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Weekly Wisdoms for the week of January 13, 2020

The first Adam was a man who tried to play God; the second Adam was God who became man.

Genesis 3 records the story of Adam, the first human being created by God, who tried to "be like God" (verse 5). By attempting to become God, Adam sinned, and as a result every single one of us became condemned by God as a sinner: "one trespass [the sin committed by Adam] resulted in condemnation for all people" (Romans 5:18).

In essence, Adam was our representative before God. He sinned, and his sin was imputed (i.e., attributed, given) to us. Adam's sin was counted against us such that we became an enemy of God.

Fortunately for us, God did not leave us hopelessly in our sin condemned justly by his wrath; instead, he demonstrated his unfailing love for us by sending his son, the second person of the Trinity, to die for our sins offering a way for us to escape his wrath (Romans 5:8).

God, himself, became man (Philippians 2:6-8), and bore all our sins. Paul puts it like this: "For as in Adam all die, so in Christ all will be made alive" (1 Corinthians 15:22).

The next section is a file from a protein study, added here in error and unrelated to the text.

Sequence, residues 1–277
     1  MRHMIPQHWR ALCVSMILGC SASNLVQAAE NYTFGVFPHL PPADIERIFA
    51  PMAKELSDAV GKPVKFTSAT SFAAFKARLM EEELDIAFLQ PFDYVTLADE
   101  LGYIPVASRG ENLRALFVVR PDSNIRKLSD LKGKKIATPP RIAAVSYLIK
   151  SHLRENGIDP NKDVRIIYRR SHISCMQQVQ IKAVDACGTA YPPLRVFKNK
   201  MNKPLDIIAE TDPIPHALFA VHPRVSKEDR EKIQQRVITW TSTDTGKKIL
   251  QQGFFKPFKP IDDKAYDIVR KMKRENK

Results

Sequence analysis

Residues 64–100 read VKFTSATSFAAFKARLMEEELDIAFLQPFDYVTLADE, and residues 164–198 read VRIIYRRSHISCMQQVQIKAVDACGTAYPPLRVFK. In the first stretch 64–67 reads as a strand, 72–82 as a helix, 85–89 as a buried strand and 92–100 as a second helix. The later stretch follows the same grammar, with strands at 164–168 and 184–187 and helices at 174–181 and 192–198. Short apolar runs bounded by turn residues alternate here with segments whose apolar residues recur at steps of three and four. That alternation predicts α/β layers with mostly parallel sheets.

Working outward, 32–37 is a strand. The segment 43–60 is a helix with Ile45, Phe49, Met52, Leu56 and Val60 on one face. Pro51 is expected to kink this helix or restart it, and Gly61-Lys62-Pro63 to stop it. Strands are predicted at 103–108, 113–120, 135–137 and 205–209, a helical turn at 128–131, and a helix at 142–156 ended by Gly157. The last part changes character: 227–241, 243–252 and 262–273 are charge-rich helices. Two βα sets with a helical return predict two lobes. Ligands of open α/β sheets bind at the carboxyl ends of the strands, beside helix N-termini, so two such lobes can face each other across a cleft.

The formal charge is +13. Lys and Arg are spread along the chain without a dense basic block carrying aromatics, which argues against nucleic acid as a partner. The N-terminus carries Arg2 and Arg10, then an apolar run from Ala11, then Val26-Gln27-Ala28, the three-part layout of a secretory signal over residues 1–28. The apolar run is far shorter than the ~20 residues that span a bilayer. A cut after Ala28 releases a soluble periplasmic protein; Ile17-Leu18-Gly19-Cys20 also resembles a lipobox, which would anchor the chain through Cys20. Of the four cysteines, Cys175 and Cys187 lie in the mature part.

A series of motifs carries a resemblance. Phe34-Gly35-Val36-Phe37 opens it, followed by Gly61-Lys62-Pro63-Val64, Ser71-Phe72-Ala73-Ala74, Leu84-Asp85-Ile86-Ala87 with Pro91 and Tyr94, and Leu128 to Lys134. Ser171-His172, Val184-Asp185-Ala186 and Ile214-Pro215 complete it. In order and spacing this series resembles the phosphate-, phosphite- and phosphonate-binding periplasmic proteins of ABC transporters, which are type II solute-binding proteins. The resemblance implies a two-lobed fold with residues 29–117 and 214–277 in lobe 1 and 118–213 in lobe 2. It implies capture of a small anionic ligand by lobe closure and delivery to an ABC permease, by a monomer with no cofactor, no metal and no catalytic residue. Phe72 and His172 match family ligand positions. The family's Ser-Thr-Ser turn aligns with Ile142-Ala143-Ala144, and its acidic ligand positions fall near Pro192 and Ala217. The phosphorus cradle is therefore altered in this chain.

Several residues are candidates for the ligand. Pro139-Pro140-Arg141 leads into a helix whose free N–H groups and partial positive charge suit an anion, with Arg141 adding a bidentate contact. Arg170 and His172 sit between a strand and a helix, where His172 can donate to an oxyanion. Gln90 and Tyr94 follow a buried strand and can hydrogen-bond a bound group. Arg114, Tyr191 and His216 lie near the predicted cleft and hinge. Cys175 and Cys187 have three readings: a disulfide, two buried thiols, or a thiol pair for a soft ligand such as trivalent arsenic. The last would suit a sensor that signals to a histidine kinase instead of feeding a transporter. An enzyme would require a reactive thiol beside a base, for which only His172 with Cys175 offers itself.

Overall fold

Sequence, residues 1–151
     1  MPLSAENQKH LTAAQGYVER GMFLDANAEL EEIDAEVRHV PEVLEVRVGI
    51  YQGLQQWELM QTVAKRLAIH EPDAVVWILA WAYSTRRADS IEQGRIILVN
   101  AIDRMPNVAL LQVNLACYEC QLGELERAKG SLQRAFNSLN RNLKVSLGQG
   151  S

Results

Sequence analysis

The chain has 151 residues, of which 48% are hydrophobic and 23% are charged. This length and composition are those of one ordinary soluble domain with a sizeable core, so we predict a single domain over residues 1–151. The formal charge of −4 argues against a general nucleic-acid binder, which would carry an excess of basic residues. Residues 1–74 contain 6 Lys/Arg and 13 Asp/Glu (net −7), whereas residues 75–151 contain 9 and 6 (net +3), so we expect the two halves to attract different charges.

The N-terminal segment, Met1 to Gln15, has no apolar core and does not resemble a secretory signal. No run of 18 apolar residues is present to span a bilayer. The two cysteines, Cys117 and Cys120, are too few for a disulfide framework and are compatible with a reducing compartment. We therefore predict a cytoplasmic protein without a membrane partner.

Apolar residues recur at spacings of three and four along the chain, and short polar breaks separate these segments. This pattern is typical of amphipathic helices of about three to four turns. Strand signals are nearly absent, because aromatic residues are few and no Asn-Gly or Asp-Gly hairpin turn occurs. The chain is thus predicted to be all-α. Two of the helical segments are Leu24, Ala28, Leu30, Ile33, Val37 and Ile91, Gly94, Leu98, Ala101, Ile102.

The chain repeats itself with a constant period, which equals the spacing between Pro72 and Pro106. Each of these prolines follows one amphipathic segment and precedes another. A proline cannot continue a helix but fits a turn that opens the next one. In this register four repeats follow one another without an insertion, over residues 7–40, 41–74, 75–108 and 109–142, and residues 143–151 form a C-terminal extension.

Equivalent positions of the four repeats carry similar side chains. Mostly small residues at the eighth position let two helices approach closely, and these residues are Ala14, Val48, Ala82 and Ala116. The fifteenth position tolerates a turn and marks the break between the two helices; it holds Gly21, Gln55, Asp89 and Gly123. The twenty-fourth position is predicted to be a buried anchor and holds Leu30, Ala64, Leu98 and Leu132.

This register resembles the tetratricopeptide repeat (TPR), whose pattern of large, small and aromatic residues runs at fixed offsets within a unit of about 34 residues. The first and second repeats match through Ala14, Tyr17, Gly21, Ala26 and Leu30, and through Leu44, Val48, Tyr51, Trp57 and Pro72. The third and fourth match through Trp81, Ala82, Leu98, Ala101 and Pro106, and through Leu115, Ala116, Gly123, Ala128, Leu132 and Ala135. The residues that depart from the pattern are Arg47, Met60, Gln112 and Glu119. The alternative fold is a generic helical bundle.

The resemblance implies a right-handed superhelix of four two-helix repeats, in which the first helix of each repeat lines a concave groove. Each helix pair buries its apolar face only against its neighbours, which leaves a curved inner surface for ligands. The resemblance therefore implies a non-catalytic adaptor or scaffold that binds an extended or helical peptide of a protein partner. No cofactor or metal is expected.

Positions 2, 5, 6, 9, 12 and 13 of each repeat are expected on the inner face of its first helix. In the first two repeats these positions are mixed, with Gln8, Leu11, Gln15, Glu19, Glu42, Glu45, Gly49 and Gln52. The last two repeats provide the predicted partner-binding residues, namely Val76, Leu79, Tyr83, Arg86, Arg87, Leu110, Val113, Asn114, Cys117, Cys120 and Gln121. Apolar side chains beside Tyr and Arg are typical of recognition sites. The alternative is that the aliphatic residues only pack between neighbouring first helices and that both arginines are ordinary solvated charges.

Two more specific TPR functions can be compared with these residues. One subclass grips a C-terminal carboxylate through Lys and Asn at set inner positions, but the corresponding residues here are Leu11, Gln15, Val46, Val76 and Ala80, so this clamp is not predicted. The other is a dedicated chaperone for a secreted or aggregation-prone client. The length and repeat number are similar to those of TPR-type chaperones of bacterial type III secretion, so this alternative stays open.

Just as through Adam's disobedience his sin is imputed to us, so also through Christ's obedience his righteousness is imputed to us. The first Adam tried to become like God, and, in so doing, every human being became an enemy of God. The second Adam, Jesus Christ, is God who became man, and, in so doing, he opened the door for every other human being to be reborn as a friend of God.

Idolatry is to love what has been made more than the God who made it.

In Exodus 20:3-5, God gives Israel this command: "You shall have no other gods before me. You shall not make for yourself an idol in the form of anything in heaven above or on the earth beneath or in the waters below. You shall not bow down to them or worship them; for I, the Lord your God, am a jealous God."

It is easy to label an idol as some wooden or bronze statue, or a golden cow, or something else like that. And certainly, such things could be idols; however, an idol is much more than that. An idol is anything you put in front of God.

Ezekiel 14:3 says that "men have set up idols in their hearts," meaning that their internal priorities are wrong. Today, although probably very few people in Western culture still bow down to statues or other such physical idols, many people bow down to idols "in their hearts."

For example, money and status are things that we often place ahead of God. However, God is "a jealous God," and He demands first place in your life. Therefore, take to heart the instruction found in 1 John 5:21: "Dear children, keep yourselves from idols."

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